Learn how to order food in a typical restaurant in British English. In this lesson we will look at some vocabulary, do a listening exercise, a listening and reading exercise, a conversation simulation, and look at how to sound polite in a restaurant setting. The vocabulary includes alky, delicious, dump, fancy, filling, full, menu, order, pretty, pudding, seafood, slice, soft drinks, sparkling, special, starving, stuffed, and sweet.
The lessons categorised as English in Use look at the way we use English in everyday life. The lessons cover the actual use of English and examine grammar, punctuation, and functionality of the language. For any student studying English as a second language or English as a foreign language, English in Use lessons are particularly useful for improving speaking, writing, reading, and listening skills. These lessons will help you to develop your confidence in using different types of text such as fiction, newspapers and magazines, as well as learning to speak and write about things such as the weather and travel, as well as preparing you for typical situations such as ordering in a restaurant or buying a train ticket.
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Here are some random English in Use British English lessons taken from the 230 British English lessons currently in the Britlish Library.
The lessons categorised as English in Use look at the way we use English in everyday life. The lessons cover the actual use of English and examine grammar, punctuation, and functionality of the language. For any student studying English as a second language or English as a foreign language, English in Use lessons are particularly useful for improving speaking, writing, reading, and listening skills. These lessons will help you to develop your confidence in using different types of text such as fiction, newspapers and magazines, as well as learning to speak and write about things such as the weather and travel, as well as preparing you for typical situations such as ordering in a restaurant or buying a train ticket.Sign up for a free membership and you will get an email each time I add a new lesson to the library.
With over 200 pages, more than 7000 words and 10 interactive quizzes, this English Activation Pack will answer all the questions you have ever had about asking open questions in English. Using the question words what, why, when, where, who and how, is the easiest way to get all the information you need about any subject. This English Activation Pack explains in detail how to use these interrogatives. It also explains the differences between subject and object sentences. Adverb questions and answering Why questions are also covered, as are indirect questions, polite requests and rhetorical questions. A section covering useful English grammar as it relates to questions is also included covering sentence structure, subjects, objects and passives, amongst other things. The work also looks at the pronunciation of questions, in particular when to use rising or falling intonation, and also explains how to punctuate sentences when writing. Included are hundreds of example sentences for situations such as shopping, eating out, travel, entertainment, time and weather. Each section also has an interactive quiz to help you test your understanding of any of the areas covered.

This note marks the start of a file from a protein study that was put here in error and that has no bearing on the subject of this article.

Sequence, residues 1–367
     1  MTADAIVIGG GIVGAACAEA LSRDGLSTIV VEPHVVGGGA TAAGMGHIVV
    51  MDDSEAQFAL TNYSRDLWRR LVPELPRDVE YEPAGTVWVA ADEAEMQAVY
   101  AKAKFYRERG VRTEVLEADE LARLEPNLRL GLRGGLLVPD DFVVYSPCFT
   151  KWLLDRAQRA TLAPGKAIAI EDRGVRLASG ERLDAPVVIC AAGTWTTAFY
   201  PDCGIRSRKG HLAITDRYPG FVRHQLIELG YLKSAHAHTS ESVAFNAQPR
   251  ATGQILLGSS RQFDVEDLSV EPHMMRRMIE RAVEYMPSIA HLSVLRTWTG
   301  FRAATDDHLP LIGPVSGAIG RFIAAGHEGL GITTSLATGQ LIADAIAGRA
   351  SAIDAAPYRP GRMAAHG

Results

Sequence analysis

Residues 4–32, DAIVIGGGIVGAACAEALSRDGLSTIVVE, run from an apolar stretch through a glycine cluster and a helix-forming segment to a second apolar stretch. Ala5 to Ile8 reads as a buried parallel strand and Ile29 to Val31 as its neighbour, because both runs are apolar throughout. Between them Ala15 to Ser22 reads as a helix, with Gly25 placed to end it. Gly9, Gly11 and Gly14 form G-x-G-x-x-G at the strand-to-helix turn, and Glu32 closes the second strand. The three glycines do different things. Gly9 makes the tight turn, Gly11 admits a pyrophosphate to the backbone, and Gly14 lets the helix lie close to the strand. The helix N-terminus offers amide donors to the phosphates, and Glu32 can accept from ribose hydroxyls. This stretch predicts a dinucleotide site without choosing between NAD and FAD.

How to talk about the weather in English using a video lecture and some self-test questions to help you learn. This lesson also looks at some English idioms related to weather and will help with your listening skills and your pronunciation. If you want to learn how to talk about the weather in English, you need to do this lesson.
This lesson looks at the vocabulary of meals. It looks at the difference between meal and dish. It looks at the names of the meals that we eat throughout the day including, breakfast, brunch, lunch, dinner, high tea, afternoon tea, teatime, and supper. You will also learn some vocabulary that useful when talking about meals including, course, dietary, dish, filling, foray, full, meal, pastries, pudding, replete, snack, starter, stuffed, and sweet. I have used a video English lesson from the Daily Dose of English series that I made back in 2010. This lesson is finally what I would have liked to have made back then, had the technology been available at that time.
A look at how we ask for a train ticket in Britain. This lesson looks at some common vocabulary of train travel including arrivals and departures, first or second class, platforms, single and return tickets, through trains and changes, and tickets. The lesson has a role playing component that will give you the chance to practice a typical, simple conversation about buying a train ticket.
If you could predict the future with 100% accuracy, you would be the richest person on the planet. It is the uncertainty of the future which dictates how we talk about it. There are four common ways to talk about the future in English, and it is the purpose of this English Activation Pack to show you how to talk about the future accurately. We will explore the use of will and other modal verbs, going to, the present continuous, and the present simple to talk about the future. You will find an Activation Quiz and an Activation Glossary to help you activate your future English. If you are ready to activate your English to talk about the future, do this lesson now. Talk About the Future
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